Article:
Jeffrey T. Koberstein

Percy and Vida Hudson Professor of Chemical Engineering
Columbia University
Department of Chemical Engineering
810 Mudd bldg, MC4721
500 West 120 th st.
New York , NY 10027

Phone: 212-854-3120
FAX: 212-854-3054

B.S. 1974 University of Wisconsin, Chemical Engineering
Ph.D. 1979 University of Massachusetts, Chemical Engineering
1980 Centre de Recherches sur les Macromolecules, Strasbourg, France, NSF--CNRS and NATO Postdoctoral Fellow


1980-86 Assistant Professor of Chemical Engineering Princeton University
1981 Visiting Assistant Professor University of Wisconsin
1985 Visiting Research Scientist, IBM Research Labs San Jose, California
1986-89 Associate Professor Chemical Engineering University of Connecticut
1989-92 Founding Director, Polymer Compatibilization Research Consortium  
1989-99 Professor of Chemical Engineering University of Connecticut
1993-94 Guest Professor, Max-Plank Institut Mainz, Germany
1994-98 Director, Polymer Science Program University of Connecticut
1994-99 Director, NSF Graduate Traineeship Program in Environmental Aspects of Plastics Recycling University of Connecticut
1996-99 Co-Director, Biomaterials Design Initiative University of Connecticut
1998-99 Distinguished Professor of Engineering University of Connecticut
2000-05 Professor and Chair, Dept. of Chemical Engineering Columbia University
2002- Professor in Residence Columbia University
2002- Co-Director, NSF IGERT grant on Soft Materials Columbia University
2003- Percy and Vida Hudson Professor of Chemical Engineering Columbia Univ.
2004 Japan Society for the Promotion of Science Fellowship Kyushu University, Japan



Refereed Journal/Book Articles 109
Conference Presentations 248 (108 invited)
Invited Lectures/Seminars 241



Arthur K. Doolittle Award, Amer. Chem. Soc., Div. Polym. Sci. Eng., 1984
ANTEC Best Paper Award, Society of Plastics Engineers, Plast. Anal. Div., 1985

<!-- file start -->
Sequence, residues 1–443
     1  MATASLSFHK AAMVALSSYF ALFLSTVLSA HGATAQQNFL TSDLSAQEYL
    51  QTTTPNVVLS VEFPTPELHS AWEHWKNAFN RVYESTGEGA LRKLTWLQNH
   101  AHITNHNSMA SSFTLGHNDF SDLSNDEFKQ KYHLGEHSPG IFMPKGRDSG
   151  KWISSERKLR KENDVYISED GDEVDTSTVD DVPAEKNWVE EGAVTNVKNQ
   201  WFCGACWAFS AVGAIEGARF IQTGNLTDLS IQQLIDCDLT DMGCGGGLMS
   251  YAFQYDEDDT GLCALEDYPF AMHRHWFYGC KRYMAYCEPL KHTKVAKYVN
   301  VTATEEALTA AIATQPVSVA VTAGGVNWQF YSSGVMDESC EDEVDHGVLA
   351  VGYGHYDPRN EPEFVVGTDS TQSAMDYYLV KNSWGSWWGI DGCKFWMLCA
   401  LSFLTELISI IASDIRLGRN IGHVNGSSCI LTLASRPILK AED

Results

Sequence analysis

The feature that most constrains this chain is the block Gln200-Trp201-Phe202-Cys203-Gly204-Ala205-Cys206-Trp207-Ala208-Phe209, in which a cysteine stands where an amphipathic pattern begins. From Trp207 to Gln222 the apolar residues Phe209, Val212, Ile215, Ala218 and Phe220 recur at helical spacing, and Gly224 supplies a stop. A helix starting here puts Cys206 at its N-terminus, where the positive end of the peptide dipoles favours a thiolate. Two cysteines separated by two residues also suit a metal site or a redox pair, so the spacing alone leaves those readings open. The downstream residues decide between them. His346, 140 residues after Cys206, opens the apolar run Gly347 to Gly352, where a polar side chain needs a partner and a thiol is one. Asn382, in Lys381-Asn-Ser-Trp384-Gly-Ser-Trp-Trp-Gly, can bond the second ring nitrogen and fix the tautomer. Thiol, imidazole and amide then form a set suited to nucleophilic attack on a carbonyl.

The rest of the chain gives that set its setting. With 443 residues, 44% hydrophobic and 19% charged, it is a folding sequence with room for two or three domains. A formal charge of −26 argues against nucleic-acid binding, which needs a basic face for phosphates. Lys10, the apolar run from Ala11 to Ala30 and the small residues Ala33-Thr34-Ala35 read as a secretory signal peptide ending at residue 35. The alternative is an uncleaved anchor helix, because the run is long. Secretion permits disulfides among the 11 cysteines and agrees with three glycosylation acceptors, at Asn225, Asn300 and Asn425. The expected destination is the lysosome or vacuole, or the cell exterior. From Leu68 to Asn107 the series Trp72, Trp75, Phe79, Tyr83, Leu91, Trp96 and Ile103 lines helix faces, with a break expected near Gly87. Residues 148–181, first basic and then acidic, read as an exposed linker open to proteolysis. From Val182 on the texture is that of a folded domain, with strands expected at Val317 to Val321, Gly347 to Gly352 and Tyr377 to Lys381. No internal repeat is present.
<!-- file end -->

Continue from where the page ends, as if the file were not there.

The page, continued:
American Cyanamid Academic Award, 1990
Elected Fellow, American Physical Society, 1992
Elected Member, Connecticut Academy of Arts and Sciences, 1994
Rogers Teaching Award, Department of Chemical Engineering, 1998
Distinguished Engineering Professorship, School of Engineering, 1998
Percy and Vida Hudson Chair in Chemical Engineering, 2003
Stine Award, American Institute of Chemical Engineers, 2006

Professional Society Memberships and Offices Held:

American Institute of Chemical Engineers, Material Engineering and Sciences Division
2 nd-Vice Chair: 2004
1 st Vice-chair: 2005
Program Chair: 2005
Chair: 2006
American Physical Society, Division of High Polymer Physics
Publication Comm.: Chair-1986
Program Comm.: 1989, 1990-Chair
Education Committee: 1994-Chair
Padden Award Committee: 1994-Chair
Ford Prize Committee: 1995, 1996-Chair
Executive Committee: Vice-Chair of Division-1994
Chair Elect of Division-1995
Chair of Division-1996
Past Chair of Division-1997
American Chemical Society, Polymer Division
North American Thermal Analysis Society
Awards Committee: 1987
Society of Plastics Engineers, Engineering Properties and Structure Division
Board of Directors: 1989-1990
Materials Research Society
Adhesion Society
Program Chair: 2003
Gordon Conference on Adhesion
Vice-Chair: 2006
Chair: 2008

Ongoing Research Projects:

1) Self-Assembling Photoactive Polymer Surfaces: